Hope floats for India-UK Relations post Brexit

January 6, 2017 OPINION/NEWS

Adnan Abidi/Reuters

 

By

Bikash Mohapatra

 

While there are sections who argue that the trade between India and the United Kingdom will suffer considerably in the post-Brexit scenario, a majority opine bilateral collaborations will receive a boost, and the establishment of a Free Trade Agreement between the two countries could be easier to accomplish.

 

A few facts to begin with:

 

  • India is the United Kingdom’s largest investor, more than all of Europe put together.

  • The United Kingdom is the G-20 group’s largest investor in India, accounting for about 9 per cent of total foreign investment over the past 15 years.

  • Trade between the two countries was around USD 16 billion in the last fiscal.

  • Over 1.5 million Indians live in the UK, and our companies employ over 100,000 people in that country.

 

 

The British Prime Minister Theresa May came to India in November, in what was her first official visit outside Europe, in a bid to boost bilateral trade.

Even though critics opine that the trip was underwhelming, they also admit that direct trade between the two countries post-Brexit would be beneficial for the overall ties. However, there remain questions that need to be answered first.

 

What is the United Kingdom’s best hope of post-Brexit trade negotiations with India?

What impact will the decline in value of the Pound Sterling have on bilateral trade?

How will the UK’s now stringent immigration policy and the related restrictions on post-study stay?—?in the last five years the number of Indian students enrolling in UK universities have gone down by almost 50 per cent – affect the relations?

 

Arvind Virmani, former Indian executive director at the International Monetary Fund (IMF), believes Brexit will have a positive impact on Indo-UK ties.

“The UK was increasingly constrained by the European Union. There will be a certain flexibility now, and that is one of the positives to come out of Brexit,” he explains, before throwing in a caveat.

“Unless India is given a larger participation in the big agencies like the UN Security Council, the IMF and the World Bank, nothing would work.”

 

In the post-Brexit scenario, the Federation of Indian Chambers of Commerce and Industry (FICCI) carried out a sectoral survey, involving the 800 Indian companies in Britain, and enumerated as under is the response they received:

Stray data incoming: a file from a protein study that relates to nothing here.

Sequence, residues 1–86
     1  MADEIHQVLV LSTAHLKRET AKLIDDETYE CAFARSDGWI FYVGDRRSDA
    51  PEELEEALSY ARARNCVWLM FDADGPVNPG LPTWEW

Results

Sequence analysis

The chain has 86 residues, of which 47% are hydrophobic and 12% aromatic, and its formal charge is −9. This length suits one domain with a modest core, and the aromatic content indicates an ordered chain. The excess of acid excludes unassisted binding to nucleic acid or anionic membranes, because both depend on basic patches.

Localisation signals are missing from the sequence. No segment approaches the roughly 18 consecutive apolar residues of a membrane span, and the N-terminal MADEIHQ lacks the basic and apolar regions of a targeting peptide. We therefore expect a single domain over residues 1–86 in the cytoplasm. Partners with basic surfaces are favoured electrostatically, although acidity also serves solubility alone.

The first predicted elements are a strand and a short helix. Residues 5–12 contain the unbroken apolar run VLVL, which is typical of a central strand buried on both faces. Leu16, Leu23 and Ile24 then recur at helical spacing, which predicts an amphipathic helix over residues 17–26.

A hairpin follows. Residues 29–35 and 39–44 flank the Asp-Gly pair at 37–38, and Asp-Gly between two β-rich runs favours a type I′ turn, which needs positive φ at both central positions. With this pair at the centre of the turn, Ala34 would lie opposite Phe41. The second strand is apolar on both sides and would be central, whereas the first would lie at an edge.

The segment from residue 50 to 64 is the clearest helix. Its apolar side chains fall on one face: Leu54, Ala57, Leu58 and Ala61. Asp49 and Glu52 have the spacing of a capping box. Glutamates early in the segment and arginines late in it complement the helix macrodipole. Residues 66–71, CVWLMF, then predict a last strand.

1. Things will be uncertain for the next three years. The parties have to renegotiate the contacts they are in and further investment plans could be kept on hold depending on the regulatory uncertainties, considering there will be a constant depreciation of the British Pound.

  2. There can be negotiations for a possible UK-India Free Trade Area (FTA), but for the moment it will be on the back-burner.

  3. The 800-odd Indian companies operating in the UK also have an interest with what the UK will negotiate with Europe in the near future.

 

 

While there are sections who argue that the trade between India and the UK will suffer considerably in the post-Brexit scenario, a majority opine bilateral collaborations will receive a boost, and the establishment of a Free Trade Agreement between the two countries could be easier to accomplish.

Professor Swagata Sen from the University of Calcutta remains positive albeit.

“Only 14 per cent of the Indian companies in the UK operate with the view of accessing the European market,” he reasons, adding, “So it won’t affect the ties as much as it is being perceived.”

The Department of Commerce faculty proceeds to explain his point.

“Brexit may open up new possibilities for both the UK and India, in areas like the higher education segment,” he explains.

“European students will no longer get the preference like earlier, and it will open the way for Indian students. Some relaxation in immigration rules should also be provided to India,” he adds.

Veteran mediaperson Vijay Chauthaiwale concurs.

“The good thing is India will now be able to comfortably manage the conflicting interests,” he explains.

“Britain’s exit per se shouldn’t deter India from having a good relation with both Britain and the EU,” he continues, adding, “More the time Brexit takes, more it will complicate matters, more so because India is forging new partnerships. (For example when Narendra Modi’s recent visit to Ulan Bator made him the first Indian Prime Minister to visit a country like Mongolia)

“Much before the Brexit referendum the trade between the two countries reduced to a third in the last three years. The concessions offered by the British Prime Minister during her recent visit are esoteric to say the least.”

 

Despite the palpable lacunae there’s renewed optimism that Brexit might lead to Britain seeking an alternate route to India, a better alternative as compared to the tough and drawn-out negotiations on the EU Free Trade Agreement. Therein lies the hope.

 

 

 

 

 

 

 

 

bikash-mohapatra

Bikash Mohapatra

A firm believer in the adage ‘variety is the spice of life’, New Delhi-based Bikash Mohapatra has been a human resource manager, a communication specialist, a strategist, a media professional and a researcher/writer at various stages of his career, acquiring a new set of skills with every additional responsibility.

Outside of work he is an avid traveler, with an innate desire to learn about various people, places and cultures. It is this ‘travel education’, coupled with varied ‘professional experience’ that manifest into thoughts and take the shape of detailed and elaborate narratives.

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